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Killing Raven


Killing Raven

Margaret Coel writes about the Arapaho Indians who live on the Wind
River Reservation, and her fans know it's a sure bet that she will
include the two memorable characters who enliven her stories:
Father John O'Malley, pastor of the St. Francis Mission, and
attorney Vicky Holden, who is also an Arapaho Indian. Vicky lived
on the reservation in the traditional life but was also forced, by
circumstances, to go out into the world to make her way. In this
novel she has now returned to her home, opened a small law firm and
is readjusting to life. The two protagonists fell in love at first
sight, but as is the case with star-crossed lovers, they have no
hope for a future together. Nevertheless, their trust in each other
is unchallenged and so they remain best of friends. Their separate
"life journeys" keep them on different paths, which intersect when
their help is needed on the reservation.

The Great Plains Casino has opened on the Wind River Reservation
and more than one hundred Arapahos have jobs there. The people
expect that the profits are going to mean better health care,
better schools, and the development of new jobs. At least that's
what the tribe has been told. But nothing in life is a sure thing
and Coel has deftly captured the stumbling blocks that frustrate
the best-laid plans of even the most confident of gamblers in her
newest novel, KILLING RAVEN. Good people with good intentions
devised the genesis of the gambling plan, but they see their stake
slowly turn into chaos. Like the spin of the roulette wheel, the
story winds itself out exposing the world of corruption attached to
gambling casinos, the world of the dispossessed, the world of the
win and the world of those who would steal from their dependents
when they become addicted; a world where the holier than thou
protest with violence against what they don't understand.

Fifteen-year-old Lela is bullied by her boyfriend, Tommy Willard,
into going with him to Double Dives, one of the most troubled
corners of the Wind River Reservation; there, she finds the body of
a white man buried in a shallow grave. She is terrified and
surprised because she expected the corpse to belong to a different
man. When she turns to Tommy, he starts to pull her away and slaps
her when she demands they go to the police. She accuses him of
doing Captain Jack Monroe's dirty work and reminds him that his
pals are bullies who continue to protest against the casino in
their effort to get it closed down. When she tells him that he is
acting against his own people, Tommy loses his patience and tries
to force her into his pick-up. She breaks free and flees, running
through the brush toward the river and not stopping until she
reaches the safety of her aunt's house.

As soon as Father O'Malley hears about the dead body he hurries to
the crime scene. He prays that he won't find one of his
parishioners in the grave. He is also concerned for Lela's
emotional and physical well-being and starts his search for her at
her Aunt Mary's home. After a few questions the priest learns that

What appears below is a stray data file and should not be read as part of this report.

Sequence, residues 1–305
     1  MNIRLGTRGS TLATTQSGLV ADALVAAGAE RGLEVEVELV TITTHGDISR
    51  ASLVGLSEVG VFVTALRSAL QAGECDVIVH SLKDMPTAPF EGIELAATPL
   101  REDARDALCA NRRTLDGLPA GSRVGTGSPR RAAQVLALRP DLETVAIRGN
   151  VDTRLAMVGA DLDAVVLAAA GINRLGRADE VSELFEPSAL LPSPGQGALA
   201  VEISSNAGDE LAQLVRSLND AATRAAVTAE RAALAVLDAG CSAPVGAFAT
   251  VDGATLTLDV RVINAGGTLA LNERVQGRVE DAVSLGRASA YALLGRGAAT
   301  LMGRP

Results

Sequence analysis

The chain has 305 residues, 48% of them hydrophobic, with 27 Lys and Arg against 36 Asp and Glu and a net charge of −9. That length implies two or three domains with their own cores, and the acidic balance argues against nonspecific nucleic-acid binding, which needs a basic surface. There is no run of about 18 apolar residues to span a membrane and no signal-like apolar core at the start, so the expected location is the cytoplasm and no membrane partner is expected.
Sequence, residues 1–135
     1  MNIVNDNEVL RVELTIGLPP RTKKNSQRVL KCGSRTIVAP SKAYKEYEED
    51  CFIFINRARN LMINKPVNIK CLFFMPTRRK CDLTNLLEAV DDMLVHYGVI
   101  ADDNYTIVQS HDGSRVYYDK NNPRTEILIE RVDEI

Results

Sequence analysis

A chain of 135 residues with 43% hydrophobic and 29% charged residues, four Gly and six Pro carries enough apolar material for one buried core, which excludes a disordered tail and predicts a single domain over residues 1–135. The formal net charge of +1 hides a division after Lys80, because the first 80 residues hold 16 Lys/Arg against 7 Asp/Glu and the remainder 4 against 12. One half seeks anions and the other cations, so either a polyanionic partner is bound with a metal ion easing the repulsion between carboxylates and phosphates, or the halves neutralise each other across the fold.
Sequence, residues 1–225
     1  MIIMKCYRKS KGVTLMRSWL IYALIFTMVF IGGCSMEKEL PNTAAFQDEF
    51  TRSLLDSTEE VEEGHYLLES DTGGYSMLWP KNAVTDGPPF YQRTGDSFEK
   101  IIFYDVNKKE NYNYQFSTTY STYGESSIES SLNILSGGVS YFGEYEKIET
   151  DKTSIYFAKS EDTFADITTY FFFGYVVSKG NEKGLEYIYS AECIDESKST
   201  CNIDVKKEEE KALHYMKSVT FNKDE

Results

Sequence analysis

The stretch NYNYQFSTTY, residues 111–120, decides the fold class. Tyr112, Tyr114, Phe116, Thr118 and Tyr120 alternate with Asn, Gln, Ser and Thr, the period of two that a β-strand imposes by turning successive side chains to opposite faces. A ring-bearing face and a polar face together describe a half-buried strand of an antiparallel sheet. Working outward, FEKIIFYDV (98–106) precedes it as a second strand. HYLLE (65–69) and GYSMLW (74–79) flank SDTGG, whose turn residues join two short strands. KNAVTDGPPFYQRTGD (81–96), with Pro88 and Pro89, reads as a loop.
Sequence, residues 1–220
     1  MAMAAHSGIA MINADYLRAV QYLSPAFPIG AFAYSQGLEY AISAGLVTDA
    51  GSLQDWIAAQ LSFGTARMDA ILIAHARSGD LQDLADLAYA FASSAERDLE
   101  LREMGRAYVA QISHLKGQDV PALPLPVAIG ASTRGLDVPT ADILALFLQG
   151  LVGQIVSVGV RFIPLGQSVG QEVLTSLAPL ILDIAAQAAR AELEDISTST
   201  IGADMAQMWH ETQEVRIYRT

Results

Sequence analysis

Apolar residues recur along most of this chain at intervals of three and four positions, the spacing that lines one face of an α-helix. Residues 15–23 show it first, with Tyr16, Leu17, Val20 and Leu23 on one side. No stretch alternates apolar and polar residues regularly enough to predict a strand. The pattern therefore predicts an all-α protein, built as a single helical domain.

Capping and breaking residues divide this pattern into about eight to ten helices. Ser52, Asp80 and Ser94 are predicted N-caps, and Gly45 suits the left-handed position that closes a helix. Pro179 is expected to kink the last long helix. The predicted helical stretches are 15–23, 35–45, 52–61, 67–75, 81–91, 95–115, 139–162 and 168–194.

Tommy is the person terrorizing Lela. Her aunt retells the events
of that night: "Lela came running in here a couple nights ago,
white as those plates. Said she seen a hand coming up from the
earth in Double Dives. I said, we gotta call the police" … "
[but] Lela started to cry and said he'd kill her too." Finally Mary
admits she said to Lela that she thought perhaps Tommy had
something to do with the dead body, and that is when the frightened
girl hotfoots it out of there.

While the good Father is taking care of the grisly business on the
reservation, Vicky gets a visit from an old friend, Adam Lone
Eagle, a lawyer and a Lakota with whom she recently had dinner. His
visit is a complete surprise. She hasn't spoken to him since that
night and he never called her to tell her that he had been hired by
the casino management company to do their legal work: "It was so
predictable. Lodestar had been hired by the business council to
manage the casino, and the council had always found outside lawyers
to handle the tribal legal work --- white men, usually --- as if
the council couldn't see her, one of their own people."

But Adam has come to offer Vicky a job, one she sorely needs if she
is going to be able to keep her office open. She reluctantly
accepts the offer. But as soon as she enters the glitzy, noisy
atmosphere of the casino she senses that something is not right. In
no time she is deep into an investigation of fraud and
embezzlement. The danger she feels on her first day at work is real
and erupts when she becomes a target.

The plot of KILLING RAVEN is not especially complicated and is a
fast read. Coel does a splendid job of endowing her characters with
such humanity that when they move into the spotlight and are
fleshed out, readers are drawn to them as if they are real people.
Fans and those new to the world that is encompassed by the Windy
Ridge Reservation will not be disappointed in this latest addition
to the collection of Holden/O'Malley novels. Coel has a winner
here, one not to be missed.

Reviewed by Barbara Lipkien Gershenbaum on January 22, 2011

Killing Raven
by Margaret Coel

  • Publication Date: August 3, 2004
  • Genres: Fiction, Mystery
  • Paperback: 304 pages
  • Publisher: Berkley
  • ISBN-10: 0425197506
  • ISBN-13: 9780425197509